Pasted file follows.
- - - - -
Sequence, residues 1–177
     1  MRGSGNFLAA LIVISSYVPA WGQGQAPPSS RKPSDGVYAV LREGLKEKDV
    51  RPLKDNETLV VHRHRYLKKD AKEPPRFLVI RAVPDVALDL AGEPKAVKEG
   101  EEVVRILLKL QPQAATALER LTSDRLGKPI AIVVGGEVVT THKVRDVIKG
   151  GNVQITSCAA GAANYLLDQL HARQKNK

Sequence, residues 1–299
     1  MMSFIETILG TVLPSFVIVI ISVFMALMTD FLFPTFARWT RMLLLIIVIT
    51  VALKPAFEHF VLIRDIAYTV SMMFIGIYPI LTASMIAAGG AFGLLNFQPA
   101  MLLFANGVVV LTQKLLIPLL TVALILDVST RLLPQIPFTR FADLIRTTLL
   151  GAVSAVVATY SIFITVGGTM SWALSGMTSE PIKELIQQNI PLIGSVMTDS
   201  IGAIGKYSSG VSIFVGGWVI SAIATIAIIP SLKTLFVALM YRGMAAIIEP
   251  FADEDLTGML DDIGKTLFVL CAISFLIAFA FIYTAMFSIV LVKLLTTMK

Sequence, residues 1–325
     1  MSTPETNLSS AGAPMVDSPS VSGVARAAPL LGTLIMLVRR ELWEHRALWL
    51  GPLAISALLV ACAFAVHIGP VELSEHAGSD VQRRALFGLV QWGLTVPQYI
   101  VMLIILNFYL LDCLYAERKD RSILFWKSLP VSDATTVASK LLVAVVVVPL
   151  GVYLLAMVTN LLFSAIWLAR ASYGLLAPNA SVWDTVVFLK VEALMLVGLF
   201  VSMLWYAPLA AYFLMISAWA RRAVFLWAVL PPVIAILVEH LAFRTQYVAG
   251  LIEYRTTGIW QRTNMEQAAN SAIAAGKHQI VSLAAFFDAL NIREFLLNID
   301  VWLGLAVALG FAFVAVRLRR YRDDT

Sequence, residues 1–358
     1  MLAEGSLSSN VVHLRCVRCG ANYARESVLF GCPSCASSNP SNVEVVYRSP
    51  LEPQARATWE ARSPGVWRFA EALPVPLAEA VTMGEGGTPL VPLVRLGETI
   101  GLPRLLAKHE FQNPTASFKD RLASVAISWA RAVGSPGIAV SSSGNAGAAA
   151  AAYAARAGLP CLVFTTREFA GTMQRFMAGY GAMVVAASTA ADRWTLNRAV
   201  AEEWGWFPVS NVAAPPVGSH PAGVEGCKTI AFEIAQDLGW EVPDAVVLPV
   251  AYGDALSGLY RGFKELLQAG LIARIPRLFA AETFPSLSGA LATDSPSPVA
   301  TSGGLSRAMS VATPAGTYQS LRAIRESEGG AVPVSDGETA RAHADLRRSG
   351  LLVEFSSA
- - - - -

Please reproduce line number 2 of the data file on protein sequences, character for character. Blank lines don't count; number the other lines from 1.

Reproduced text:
     1  MRGSGNFLAA LIVISSYVPA WGQGQAPPSS RKPSDGVYAV LREGLKEKDV